Swordspoint, Ellen Kushner
Back when I first read Swordspoint, I wasn’t totally won over. Something about the sting in the romance really didn’t work for me — I wanted Alec and Richard to be a lot easier to categorise, their love to have less sharp edges. But going into it for this reread knowing that’s the way it is, I actually enjoyed it all quite a lot: the back and forth of banter, the trading of barbs, the politicking and, yeah, the bond between Richard and Alec, and what it will drive them both to. Swordspoint does have sharp edges, and the love story is not as saccharine as some might wish (including teenage Bibliophibians), but in reality it works really well.
Perhaps it’s best not to think too much about how sustainable the political system described would be, with the use of swordsmen to outsource arguments. I just enjoyed Swordspoint for the melodrama of manners that it is, and thrilled along with Alec to Richard’s skill and ferocity as a swordsman.
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This week’s topic from The Broke and the Bookish is a great one: top ten heroines. Let’s see…
- Yeine, from The Hundred Thousand Kingdoms by N.K. Jemisin. Seriously, seriously kickass lady who navigates politics, would prefer a fair fight, and becomes a goddess. Why not?
- Tenar, from The Tombs of Atuan by Ursula Le Guin. That was always my favourite book of the bunch. I can’t quite put my finger on why, but Tenar is strong in a way that has nothing to do with physical strength.
- Mori, from Among Others by Jo Walton. Because she’s quite a lot like me, only she really can see fairies and she has a streak of pragmatism I could really use.
- Harriet Vane, from the Lord Peter Wimsey mysteries by Dorothy L. Sayers. Bit of a change of pace from the first three, being a different genre. But she’s a woman in a man’s world, pursuing both writing and academia, a strong woman who knows her own mind and sticks to her principles. But at the same time, she’s not perfect: she snarls at Peter, she’s unfair, etc, etc.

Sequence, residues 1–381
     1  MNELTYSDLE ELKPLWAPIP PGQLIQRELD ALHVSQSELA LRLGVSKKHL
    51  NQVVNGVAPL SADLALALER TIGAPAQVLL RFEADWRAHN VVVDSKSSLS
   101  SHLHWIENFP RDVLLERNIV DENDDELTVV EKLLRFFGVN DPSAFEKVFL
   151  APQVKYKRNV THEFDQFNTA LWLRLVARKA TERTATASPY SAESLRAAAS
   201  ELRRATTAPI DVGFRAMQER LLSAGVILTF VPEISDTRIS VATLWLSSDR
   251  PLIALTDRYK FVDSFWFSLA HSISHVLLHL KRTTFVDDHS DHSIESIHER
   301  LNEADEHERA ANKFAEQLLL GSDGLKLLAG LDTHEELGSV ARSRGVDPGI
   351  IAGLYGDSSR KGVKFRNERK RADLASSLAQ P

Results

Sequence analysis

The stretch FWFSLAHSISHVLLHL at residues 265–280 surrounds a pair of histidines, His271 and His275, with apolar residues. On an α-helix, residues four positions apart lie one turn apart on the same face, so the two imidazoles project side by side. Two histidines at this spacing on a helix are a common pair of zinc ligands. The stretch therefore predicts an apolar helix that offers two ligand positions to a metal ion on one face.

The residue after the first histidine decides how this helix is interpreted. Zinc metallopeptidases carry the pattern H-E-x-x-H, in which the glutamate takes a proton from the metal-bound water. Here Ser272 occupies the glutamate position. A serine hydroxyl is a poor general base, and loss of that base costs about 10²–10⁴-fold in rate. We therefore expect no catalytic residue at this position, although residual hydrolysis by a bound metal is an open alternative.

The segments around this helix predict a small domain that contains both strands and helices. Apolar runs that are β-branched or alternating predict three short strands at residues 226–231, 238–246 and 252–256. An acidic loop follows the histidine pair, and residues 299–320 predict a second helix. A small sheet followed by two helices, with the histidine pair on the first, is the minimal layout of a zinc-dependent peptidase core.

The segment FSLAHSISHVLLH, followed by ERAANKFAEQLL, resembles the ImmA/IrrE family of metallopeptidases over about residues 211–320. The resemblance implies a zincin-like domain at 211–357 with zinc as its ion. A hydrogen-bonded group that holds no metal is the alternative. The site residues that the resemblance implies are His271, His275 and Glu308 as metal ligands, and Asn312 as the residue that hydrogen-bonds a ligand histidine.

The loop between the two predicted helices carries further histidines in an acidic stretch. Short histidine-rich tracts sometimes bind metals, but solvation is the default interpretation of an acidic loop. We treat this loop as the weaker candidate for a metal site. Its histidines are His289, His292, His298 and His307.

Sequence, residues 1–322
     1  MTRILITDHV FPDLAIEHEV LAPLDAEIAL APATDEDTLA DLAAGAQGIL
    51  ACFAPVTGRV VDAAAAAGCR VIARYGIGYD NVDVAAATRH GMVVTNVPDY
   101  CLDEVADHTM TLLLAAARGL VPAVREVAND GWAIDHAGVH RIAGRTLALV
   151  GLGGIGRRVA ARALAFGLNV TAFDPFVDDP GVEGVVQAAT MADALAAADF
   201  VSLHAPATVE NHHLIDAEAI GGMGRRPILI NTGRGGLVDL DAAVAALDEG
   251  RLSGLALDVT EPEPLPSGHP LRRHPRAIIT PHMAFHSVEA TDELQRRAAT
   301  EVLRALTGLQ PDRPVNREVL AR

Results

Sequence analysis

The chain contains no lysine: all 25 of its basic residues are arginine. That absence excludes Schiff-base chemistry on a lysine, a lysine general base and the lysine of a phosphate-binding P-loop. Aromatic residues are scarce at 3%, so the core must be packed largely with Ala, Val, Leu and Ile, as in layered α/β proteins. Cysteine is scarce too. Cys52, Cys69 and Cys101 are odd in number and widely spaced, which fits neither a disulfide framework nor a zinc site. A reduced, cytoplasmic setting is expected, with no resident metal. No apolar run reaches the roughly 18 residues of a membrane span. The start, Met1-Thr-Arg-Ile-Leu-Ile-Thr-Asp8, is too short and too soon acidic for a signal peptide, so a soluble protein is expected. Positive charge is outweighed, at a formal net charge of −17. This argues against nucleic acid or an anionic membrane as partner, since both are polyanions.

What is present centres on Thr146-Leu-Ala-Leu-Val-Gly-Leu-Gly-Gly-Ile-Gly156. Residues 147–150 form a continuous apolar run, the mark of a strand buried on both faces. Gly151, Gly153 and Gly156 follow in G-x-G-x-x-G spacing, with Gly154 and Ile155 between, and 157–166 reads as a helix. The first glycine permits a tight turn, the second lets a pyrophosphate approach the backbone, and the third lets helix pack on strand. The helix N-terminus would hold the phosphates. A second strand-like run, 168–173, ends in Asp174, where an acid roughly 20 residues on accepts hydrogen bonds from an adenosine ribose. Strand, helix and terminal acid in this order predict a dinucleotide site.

- Phèdre nó Delaunay de Montrève, from Kushiel’s Dart by Jacqueline Carey. If there’s anything that can hold her back, I don’t know what it is. She’s gorgeous, she’s a spy, she manipulates politics and gets involved in all kinds of stuff on behalf of her country.
- Katherine Talbert, from The Privilege of the Sword by Ellen Kushner. Even if she doesn’t want to learn to fight at first.
- Ki, from Harpy’s Flight by Megan Lindholm. Practical, determined, fierce, and good to her animals, to her friends.
- Caitrin, from Heart’s Blood by Juliet Marillier. She doesn’t seem like she’s going to be a strong person at first, yet she learns to face her fears — without it ever seeming too easy.
- Mirasol, from Chalice by Robin McKinley. She’s thrown in at the deep end, with very little gratefulness or support from those around her, and she pushes through it to do whatever she has to do.
- Csethiro Celedin, from The Goblin Emperor by Katherine Addison. She basically says that if anyone hurts Maia she’ll duel them and gut them. Like!
I’m gonna have to look at loads of posts on this one, because stories with good heroines are definitely of interest to me!